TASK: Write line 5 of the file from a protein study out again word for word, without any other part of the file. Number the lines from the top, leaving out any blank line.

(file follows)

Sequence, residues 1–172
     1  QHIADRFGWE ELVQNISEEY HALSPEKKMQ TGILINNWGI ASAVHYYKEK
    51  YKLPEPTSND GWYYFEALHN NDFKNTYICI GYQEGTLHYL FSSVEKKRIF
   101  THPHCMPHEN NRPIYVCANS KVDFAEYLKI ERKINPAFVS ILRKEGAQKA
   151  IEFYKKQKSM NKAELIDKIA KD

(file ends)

   151  IEFYKKQKSM NKAELIDKIA KD